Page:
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"In the city of my birth, I had a dream..."
The Invisible Man and The War of the Worlds by H. G. Wells 
9th-Apr-2006 11:59 pm
Two more sci-fi novels by H. G. Wells whose plots have achieved widespread, mainstream recognition.

Wells, H. G. The Invisible Man. 1897.
Summary: The albino Griffin discovers a way to turn himself into an Invisible Man. While trying to find a way to reverse the procedure, he terrorizes a small English town and is discovered, and, after fleeing, reveals himself to his friend Dr. Kemp, who, recognizing his madness, betrays him to the police and to his eventual death.
Comments: So maybe the antics of the common people and an amoral Invisible Man are supposed to be funny...but, really, they're so NOT, and Wells's attempts to make it so fall flat. I have trouble laughing at other peoples' stupidity, I suppose. Moreover, Griffin is really not, after all is said and done, a very original character; he shares Dr. Moreau's at-any-cost scientific ambition, and crossing that with unexplained short temper and megalomania does nothing to make him more three-dimensional. I was also underwhelmed by Griffin's (and thus Wells's) analyses of what advantages and disadvantages being invisible confers. So much for ninja, eh? :P Really, the only interesting stuff here is Griffin's own account of his discovery and subsequent transformation (though if someone could explain to me how someone who is invisible can see, I'd be eternally grateful)--the rest was surprisingly uninspired.
Notes: trade paperback, Dover Thrift Edition
Rating: 4.5/10 - A wish-fulfillment premise but lacks rather in imaginative possibilities.

Wells, H. G. The War of the Worlds. 1898.
Summary: Technologically advanced, bloodsucking Martians invade England and wreak havoc in robotic tripods until they are laid low by Earth bacterial infection.
Comments: Even though we know now that Mars is bereft of high life forms, this novel strikes me as surprisingly modern in its conception. Though the story is told by a narrator (most likely an incarnation of the author himself) who witnesses most of the pertinent events firsthand (and is even, in a sentimental subplot, able to reunite with his estranged wife in the end), I found the descriptions of the humans' various reactions to the alien threat and generalized mass exodus and hysteria, to be more interesting and relevant than invasion from outer space. Not to mention the likelihood of England being target Numero Uno on the Martian's hit list! The assumption that one's own homeland is the center of the world often shows up in popular fiction and media; I wonder if it speaks to fear of immigrants and miscegenation...? Also, the artilleryman's fantasy of humanity in rat-like resistance resonates with the passions of guerrilla movements the world over and had me rolling my eyes exactly as Wells intended. I saw echoes of The Time Machine in the narrator's speculation that the Martians were once more humanoid and of The Island of Dr. Moreau in his constant anxiety that invasion might recur, though this novel is more skillfully written and more coherent than previous endeavors. Although, how an alien world could NOT have any microscopic symbiotic organisms fails to compute in my brain.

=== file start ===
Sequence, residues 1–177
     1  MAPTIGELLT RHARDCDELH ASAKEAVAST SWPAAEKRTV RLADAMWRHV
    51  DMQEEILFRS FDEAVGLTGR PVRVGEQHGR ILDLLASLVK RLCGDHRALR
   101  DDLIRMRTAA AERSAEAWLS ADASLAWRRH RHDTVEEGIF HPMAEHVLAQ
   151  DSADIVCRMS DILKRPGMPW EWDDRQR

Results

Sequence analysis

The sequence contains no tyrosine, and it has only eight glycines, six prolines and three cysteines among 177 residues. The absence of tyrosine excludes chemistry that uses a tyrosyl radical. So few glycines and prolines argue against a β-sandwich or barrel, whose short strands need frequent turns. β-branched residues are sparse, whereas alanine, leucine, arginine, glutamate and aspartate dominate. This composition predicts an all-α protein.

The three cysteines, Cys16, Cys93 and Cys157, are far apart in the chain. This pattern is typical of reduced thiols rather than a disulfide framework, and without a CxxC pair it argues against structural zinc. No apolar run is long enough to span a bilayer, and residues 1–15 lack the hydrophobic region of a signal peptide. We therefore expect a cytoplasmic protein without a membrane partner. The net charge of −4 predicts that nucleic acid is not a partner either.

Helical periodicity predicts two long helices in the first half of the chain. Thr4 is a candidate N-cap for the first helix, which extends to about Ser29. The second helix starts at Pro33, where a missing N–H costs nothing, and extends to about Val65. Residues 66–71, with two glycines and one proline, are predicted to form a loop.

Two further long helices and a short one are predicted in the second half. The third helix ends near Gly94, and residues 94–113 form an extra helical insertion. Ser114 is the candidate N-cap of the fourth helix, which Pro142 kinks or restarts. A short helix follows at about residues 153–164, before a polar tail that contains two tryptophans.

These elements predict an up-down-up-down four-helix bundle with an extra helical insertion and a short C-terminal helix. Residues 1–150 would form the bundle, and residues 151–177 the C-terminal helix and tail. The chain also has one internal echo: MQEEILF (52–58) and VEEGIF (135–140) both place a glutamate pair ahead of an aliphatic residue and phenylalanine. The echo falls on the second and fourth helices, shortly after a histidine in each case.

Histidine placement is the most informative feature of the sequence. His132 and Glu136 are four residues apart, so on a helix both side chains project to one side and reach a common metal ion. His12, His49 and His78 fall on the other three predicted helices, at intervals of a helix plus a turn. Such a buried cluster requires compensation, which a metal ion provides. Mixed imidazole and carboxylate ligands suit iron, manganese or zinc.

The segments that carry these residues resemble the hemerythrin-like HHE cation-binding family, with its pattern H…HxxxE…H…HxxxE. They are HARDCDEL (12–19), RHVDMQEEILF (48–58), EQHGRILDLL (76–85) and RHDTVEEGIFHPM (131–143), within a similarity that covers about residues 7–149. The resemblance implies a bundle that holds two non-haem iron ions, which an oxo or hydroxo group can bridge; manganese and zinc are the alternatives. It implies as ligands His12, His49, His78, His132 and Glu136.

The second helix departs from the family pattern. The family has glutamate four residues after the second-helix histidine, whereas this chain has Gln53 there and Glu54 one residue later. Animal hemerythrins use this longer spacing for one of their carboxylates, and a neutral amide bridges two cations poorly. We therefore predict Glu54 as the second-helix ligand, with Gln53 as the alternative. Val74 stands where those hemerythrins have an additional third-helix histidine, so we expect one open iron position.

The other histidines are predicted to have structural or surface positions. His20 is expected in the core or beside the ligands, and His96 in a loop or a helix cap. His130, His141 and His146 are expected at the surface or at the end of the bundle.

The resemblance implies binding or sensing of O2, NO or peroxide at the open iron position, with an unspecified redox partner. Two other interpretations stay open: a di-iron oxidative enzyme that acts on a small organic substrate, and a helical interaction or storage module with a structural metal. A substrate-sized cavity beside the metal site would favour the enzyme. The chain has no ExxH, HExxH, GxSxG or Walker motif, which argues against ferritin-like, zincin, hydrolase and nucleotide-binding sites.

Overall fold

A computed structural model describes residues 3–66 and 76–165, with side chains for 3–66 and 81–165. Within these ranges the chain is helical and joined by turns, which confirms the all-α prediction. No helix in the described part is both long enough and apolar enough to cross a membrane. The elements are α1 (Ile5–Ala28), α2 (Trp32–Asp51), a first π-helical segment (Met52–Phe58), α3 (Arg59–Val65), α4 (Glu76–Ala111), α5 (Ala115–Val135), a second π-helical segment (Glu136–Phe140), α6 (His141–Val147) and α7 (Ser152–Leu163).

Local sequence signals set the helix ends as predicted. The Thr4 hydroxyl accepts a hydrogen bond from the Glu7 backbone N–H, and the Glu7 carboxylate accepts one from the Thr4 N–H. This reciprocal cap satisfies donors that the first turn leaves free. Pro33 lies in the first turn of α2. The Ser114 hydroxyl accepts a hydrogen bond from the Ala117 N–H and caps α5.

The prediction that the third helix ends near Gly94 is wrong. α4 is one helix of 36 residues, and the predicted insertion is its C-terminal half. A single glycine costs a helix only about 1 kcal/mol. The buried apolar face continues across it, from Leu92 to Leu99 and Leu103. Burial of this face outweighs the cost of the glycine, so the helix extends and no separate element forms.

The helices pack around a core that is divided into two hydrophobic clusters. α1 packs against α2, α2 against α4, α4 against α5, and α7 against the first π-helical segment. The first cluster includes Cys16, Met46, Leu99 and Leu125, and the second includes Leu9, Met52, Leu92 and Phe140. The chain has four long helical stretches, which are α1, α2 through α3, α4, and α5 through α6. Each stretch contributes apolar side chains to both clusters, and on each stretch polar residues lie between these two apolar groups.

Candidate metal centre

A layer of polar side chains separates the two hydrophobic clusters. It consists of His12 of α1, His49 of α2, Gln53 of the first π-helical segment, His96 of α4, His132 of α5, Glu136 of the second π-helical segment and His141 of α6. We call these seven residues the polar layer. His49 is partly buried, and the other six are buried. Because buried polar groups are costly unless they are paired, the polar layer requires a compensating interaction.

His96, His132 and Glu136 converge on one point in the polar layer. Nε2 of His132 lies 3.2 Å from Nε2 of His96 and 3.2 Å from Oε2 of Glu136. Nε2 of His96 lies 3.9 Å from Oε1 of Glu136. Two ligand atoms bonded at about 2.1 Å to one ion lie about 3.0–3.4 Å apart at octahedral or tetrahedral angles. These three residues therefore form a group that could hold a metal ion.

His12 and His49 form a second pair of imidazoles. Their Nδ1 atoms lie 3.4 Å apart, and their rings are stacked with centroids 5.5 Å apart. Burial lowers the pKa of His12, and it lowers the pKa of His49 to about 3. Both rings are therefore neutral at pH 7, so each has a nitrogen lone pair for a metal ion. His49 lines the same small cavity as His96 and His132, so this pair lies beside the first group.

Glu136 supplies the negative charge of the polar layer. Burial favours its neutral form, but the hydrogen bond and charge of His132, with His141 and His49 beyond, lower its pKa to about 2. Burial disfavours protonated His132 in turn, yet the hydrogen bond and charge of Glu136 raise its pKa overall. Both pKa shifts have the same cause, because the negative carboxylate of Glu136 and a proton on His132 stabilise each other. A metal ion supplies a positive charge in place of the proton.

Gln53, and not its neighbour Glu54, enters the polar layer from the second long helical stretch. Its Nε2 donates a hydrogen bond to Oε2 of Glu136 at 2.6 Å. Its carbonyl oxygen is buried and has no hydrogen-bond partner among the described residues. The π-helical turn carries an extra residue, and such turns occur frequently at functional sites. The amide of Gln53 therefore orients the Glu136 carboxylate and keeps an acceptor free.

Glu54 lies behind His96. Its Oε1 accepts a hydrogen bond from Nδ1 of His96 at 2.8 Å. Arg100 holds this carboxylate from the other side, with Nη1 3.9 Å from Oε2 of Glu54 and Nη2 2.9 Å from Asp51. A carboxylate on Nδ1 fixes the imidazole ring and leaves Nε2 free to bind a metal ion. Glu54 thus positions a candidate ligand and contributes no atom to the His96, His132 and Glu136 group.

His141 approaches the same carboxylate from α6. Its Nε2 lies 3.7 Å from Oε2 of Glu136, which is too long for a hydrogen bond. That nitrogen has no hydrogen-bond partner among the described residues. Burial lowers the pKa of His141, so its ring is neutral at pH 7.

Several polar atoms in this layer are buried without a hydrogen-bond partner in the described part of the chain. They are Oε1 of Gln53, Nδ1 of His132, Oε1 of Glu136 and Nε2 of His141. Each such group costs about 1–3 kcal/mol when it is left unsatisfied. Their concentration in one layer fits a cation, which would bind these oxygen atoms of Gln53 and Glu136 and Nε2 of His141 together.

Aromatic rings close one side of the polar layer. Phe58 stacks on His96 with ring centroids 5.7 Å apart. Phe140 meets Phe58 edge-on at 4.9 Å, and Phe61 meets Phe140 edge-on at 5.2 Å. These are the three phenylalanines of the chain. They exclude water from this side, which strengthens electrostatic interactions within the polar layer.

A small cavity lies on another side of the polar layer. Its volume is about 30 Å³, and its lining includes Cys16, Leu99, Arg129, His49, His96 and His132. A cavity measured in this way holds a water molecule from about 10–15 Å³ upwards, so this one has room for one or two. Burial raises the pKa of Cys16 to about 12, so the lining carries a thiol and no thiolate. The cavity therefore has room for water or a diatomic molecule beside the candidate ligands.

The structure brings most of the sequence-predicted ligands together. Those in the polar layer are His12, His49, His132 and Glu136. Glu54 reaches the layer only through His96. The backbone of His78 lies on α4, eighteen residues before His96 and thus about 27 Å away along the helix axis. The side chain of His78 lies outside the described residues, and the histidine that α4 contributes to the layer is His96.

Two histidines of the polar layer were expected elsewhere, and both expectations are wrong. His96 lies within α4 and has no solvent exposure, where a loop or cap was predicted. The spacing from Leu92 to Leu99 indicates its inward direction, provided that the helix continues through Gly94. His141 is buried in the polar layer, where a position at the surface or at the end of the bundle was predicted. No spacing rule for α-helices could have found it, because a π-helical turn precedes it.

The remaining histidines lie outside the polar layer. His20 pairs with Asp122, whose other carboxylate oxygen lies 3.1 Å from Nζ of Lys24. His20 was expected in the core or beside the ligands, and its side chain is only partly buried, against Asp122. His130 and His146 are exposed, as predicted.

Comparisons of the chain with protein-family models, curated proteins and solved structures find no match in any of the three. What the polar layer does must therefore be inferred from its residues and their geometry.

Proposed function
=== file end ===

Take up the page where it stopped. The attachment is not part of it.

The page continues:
Notes: trade paperback, Dover Thrift Edition
Rating: 5/10 - If you're not a fan of the war novel (with emphasis on the plight of civilians and refugees), give this sci-fi classic a pass. You already know the plot, after all, right?
28th-Apr-2006 11:08 am (UTC)
Review archived.
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